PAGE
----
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“Ask a Priest: Could a Catholic Teacher Evangelize in a Public School?”
Q: I’m studying to be a literature teacher in a public high school. I considered becoming a teacher in a Catholic high school, for I feel totally alien to our current culture and values. In university I discovered how the anti-Christian mentality is being imposed by culture and how it comes to high schools with the excuse of promoting equality and tolerance. Thinking about my being forced to promote gender ideology or atheism at school is something that disgusts me. But being a Catholic teacher in a public school allows me to be different, like a soldier infiltrating in enemy land. The question is: How can I feel cool with living in that atmosphere every day? What can I do to evangelize? – Y.
Answered by Fr. Edward McIlmail, LC
A: Your willingness to take on the secular culture is admirable.
It’s also a daunting challenge that requires prudence as well as daring. It will be very hard to be an undercover agent for Christ in a public school, but if God is calling you (you have to discern this in your heart) to do so, he will make it fruitful and give you the strength and wisdom you need.
On the prudential side it might be good to ask yourself a few questions.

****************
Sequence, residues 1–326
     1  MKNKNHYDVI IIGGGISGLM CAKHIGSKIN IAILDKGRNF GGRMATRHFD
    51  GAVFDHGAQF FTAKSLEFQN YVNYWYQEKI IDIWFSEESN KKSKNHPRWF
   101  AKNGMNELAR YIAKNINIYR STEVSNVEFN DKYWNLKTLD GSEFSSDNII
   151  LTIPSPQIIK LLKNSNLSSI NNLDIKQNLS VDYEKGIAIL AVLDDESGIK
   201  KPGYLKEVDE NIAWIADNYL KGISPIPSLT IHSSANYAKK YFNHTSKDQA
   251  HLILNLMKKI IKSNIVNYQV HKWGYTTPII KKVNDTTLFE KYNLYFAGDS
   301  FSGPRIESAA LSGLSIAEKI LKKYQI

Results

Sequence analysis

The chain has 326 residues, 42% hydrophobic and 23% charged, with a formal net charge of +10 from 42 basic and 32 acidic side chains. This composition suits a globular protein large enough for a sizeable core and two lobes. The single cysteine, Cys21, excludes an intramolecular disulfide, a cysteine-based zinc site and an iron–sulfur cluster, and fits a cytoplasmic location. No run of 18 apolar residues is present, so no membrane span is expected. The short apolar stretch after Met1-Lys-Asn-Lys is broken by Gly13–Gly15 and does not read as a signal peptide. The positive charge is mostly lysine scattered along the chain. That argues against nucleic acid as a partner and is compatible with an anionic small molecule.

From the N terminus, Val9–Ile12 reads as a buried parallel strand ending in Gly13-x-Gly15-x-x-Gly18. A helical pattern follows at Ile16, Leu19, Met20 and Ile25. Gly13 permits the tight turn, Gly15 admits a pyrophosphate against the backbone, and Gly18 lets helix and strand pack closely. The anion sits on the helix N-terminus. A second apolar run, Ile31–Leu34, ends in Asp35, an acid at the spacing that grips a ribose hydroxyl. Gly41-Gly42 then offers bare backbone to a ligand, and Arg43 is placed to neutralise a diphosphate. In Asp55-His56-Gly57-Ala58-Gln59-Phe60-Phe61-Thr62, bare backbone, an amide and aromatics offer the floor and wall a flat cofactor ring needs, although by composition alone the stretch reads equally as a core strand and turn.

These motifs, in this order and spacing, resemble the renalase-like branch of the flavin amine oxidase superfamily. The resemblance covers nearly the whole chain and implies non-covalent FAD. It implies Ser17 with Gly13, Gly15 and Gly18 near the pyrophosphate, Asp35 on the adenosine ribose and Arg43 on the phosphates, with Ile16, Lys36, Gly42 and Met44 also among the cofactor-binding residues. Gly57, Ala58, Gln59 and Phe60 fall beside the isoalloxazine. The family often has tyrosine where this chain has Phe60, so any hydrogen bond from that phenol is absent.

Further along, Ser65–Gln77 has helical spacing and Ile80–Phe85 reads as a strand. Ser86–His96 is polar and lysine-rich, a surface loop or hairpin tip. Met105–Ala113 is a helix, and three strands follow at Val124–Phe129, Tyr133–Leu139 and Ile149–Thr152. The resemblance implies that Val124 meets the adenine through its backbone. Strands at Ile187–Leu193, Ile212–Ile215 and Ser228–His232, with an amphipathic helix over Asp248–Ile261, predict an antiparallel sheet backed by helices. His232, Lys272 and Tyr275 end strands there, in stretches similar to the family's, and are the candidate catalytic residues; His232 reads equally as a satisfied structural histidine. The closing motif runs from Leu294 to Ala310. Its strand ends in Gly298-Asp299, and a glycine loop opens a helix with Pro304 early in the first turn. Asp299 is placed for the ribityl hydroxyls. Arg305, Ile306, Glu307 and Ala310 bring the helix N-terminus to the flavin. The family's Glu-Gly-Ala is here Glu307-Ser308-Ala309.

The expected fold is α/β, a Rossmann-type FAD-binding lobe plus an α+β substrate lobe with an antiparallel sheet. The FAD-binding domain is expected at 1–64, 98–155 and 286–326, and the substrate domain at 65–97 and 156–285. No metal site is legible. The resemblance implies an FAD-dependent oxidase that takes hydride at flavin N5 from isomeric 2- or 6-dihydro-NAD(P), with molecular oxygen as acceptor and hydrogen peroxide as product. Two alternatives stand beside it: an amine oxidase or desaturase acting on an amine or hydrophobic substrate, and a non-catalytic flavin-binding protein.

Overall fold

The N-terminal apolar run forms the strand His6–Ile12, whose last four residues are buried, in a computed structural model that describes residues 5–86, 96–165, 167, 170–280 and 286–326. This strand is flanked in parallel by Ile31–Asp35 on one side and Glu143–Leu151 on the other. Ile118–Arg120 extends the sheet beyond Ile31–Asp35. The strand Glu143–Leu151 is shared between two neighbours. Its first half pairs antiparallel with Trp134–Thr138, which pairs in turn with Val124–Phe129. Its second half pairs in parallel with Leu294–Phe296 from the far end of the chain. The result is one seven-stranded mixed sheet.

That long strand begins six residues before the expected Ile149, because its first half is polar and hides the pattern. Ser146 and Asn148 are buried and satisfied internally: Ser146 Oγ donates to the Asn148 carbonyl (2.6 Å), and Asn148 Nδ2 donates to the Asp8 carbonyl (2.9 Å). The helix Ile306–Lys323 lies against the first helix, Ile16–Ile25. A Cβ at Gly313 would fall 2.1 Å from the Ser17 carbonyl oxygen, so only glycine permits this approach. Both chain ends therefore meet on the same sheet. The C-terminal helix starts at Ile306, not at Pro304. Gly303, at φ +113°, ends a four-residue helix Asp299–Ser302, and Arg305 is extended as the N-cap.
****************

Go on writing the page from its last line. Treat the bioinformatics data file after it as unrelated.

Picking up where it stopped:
First, realistically, how much will you be able to change a public school? Presumably you might be required to use certain books in the curriculum that aren’t optional — books that might transmit a lot of anti-Christian values. There might even be racy books that are occasions of sin for teenagers. Would you be comfortable assigning and teaching those books?
Moreover, how much leeway will you have to offer a Christian/Catholic perspective on literature? True, Christian values can have wide appeal; they are based on a sound anthropology, after all. Yet anything that sounds like a religious take might go against established rules and laws. This isn’t meant as a defense of these laws. It’s just that legally the deck might be stacked against you.
Another question deals with something that economists call opportunity costs. That is, if you decide to teach at a public school, you would be giving up the chance to teach a more-receptive audience in a Christian/Catholic school. You could spend your life trying to fight a public school system that won’t budge, while giving up the chance to form a generation of young Catholics who will carry on the faith.
This isn’t to say that we shouldn’t take on the anti-Christian culture around us. Evangelization requires stamina. For ideas on how to evangelize, you might want to read Go! 30 Meditations on How Best to Love Your Neighbor as Yourself. You could go through those meditations each day for a month, asking God for light about what decision to make, and see where your heart is drawn.
You might keep in mind other ways to challenge the secular culture. A pro-Christian blog about literature could be a resource for others and help readers engage in healthy dialogue with the culture around them. You could do the blog in your spare time and not have to worry about stepping on toes at a public school.
Perhaps this is something to take to prayer. Maybe you should speak with your confessor or spiritual director. You might even seek out advice from Catholic teachers or homeschooling circles. May the Spirit guide you.
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